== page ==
The Long Winter Campaign will feature a number of small, stone fortifications, represented by castles on the Outdoor Survival map. These fortifications are commonly called kargs, taken from the dwarven word for stone fortifications, usually built in mountainous regions. In the post-Cataclysmic world, karg specifically refers to a pre-Cataclysmic stone fortification, which is probably at least partially in ruin, but still livable.
The Outdoor Survival Map; most of the castle icons represent kargs
The Spells of Ending damaged nearly every fortification and city in the region. Yet, despite their dilapidated state, kargs still present the strongest possible defense. Not even the dwarves posses the engineering skills to build such formidable structures in the post-Cataclysmic age. So, most damaged kargs are still in use, their breaches repaired as best as possible with wooden palisades and ramparts piled from ancient rubble.
A mad wizard’s tower-karg.
Kargs are typically small-ish forts, built at strategic points, and capable of supporting a few dozen soldiers at most. During the Old Empire, kargs served as fortified watchtowers and outposts, protecting this border province from barbarian incursions and goblinoid raids. In the Cataclysmic age, a karg represents an extremely powerful fortification, usually home to a lord, or the headquarters for some powerful faction (such as the Paladins, Rangers or Druids). Some of the more remote kargs have fallen into the hands of the monstrous races, the powerbase for an ambitious orc warlord or a goblin pretender king.
This karg is larger than most.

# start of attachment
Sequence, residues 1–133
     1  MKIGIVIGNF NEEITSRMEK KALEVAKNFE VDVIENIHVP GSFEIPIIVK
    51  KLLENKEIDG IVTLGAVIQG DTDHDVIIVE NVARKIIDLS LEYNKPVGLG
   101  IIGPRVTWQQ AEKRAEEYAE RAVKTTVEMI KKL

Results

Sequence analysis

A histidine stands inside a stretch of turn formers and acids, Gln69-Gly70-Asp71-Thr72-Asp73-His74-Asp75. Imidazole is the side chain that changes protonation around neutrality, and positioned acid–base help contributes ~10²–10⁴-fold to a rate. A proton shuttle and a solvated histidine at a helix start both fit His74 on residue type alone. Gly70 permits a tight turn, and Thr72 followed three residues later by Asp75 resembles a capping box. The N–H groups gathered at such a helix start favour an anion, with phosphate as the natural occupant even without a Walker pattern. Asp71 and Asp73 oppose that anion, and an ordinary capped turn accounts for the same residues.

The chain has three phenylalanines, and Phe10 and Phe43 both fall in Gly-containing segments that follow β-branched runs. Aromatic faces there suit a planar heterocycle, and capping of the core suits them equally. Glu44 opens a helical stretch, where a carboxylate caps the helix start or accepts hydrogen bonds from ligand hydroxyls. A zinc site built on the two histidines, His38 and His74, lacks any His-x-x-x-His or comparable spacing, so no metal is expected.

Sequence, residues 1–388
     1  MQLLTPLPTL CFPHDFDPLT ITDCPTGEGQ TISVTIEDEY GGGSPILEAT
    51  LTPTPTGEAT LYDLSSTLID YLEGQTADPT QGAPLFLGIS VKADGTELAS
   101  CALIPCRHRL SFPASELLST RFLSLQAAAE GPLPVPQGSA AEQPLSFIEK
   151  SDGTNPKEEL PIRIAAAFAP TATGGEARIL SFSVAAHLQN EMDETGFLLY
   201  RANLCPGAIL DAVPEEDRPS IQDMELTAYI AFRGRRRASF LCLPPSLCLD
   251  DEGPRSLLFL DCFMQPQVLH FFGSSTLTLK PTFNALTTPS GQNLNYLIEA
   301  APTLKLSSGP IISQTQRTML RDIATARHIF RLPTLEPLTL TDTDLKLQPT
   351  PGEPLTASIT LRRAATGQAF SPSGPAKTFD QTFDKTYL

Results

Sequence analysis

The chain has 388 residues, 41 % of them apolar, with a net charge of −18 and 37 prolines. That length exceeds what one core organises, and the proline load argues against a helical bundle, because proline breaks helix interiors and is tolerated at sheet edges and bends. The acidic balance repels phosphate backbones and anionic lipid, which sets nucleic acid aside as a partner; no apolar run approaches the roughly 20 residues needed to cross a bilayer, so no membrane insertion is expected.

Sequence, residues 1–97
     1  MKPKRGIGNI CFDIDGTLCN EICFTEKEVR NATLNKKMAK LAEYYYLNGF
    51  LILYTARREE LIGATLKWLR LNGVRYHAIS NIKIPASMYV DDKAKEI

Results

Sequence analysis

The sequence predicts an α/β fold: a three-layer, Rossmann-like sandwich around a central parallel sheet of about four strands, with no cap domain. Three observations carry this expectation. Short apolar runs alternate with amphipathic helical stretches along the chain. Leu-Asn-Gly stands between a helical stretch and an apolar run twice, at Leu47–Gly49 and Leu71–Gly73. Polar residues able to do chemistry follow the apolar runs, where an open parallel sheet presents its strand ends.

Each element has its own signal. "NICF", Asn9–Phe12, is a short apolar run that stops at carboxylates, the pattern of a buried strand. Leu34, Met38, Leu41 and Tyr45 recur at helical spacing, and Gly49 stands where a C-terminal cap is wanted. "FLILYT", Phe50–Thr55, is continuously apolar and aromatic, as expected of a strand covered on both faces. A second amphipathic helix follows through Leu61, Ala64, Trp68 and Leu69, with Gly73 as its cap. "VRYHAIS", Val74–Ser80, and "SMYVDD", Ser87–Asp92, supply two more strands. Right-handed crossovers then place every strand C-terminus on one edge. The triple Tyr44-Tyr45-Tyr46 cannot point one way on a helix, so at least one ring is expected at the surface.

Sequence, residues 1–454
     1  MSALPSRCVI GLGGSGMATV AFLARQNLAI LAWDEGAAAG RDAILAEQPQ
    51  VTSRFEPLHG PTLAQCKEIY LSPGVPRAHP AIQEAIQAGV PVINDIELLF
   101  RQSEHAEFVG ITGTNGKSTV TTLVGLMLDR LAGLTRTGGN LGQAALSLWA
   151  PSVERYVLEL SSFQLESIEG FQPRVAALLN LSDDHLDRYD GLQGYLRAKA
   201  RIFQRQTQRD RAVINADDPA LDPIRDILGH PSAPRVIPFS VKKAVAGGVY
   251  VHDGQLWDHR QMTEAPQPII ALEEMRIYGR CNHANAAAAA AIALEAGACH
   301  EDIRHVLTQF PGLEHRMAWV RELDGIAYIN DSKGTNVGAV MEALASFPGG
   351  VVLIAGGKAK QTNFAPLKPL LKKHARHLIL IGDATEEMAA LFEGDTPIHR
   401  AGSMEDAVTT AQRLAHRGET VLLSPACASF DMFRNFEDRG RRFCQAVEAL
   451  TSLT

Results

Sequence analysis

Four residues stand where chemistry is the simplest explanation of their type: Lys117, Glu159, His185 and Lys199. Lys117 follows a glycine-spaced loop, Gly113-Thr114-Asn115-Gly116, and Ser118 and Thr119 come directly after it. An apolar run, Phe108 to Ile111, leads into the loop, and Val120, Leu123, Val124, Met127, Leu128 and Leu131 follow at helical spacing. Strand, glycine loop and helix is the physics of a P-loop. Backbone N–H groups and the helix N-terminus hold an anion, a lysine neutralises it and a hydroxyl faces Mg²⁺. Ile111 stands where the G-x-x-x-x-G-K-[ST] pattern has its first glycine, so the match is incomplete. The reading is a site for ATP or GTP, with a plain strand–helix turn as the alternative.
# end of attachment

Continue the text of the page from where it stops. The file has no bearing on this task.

They typically have small ‘dungeons’ for the keeping of prisoners and storing of provisions. In many cases, these dungeons have been expanded to store additional supplies for the long winters. A handful of the old Imperial kargs were built on the ruins of even older fortifications, and the process of expanding their dungeons to accommodate more supplies exposed long-sealed depths. Some lords may permit adventurers to more fully explore these deeper dungeons…in exchange for a share of any treasures recovered, of course.
And this karg needs a little work.
Finally, it should be noted that new stone kargs cannot be built. No one, not even the dwarves, retains the knowledge to build such solid structures ( wooden palisade forts, on the other hand, can be easily built). So, if you want a nice, stone fort, you need to go out and find one, and then you’ll probably have to take it from its current tenants. This provides an opportunity for the players to get into the kingdom building game, if they so choose. All those pre-positioned stone forts make nice targets for would-be warlords.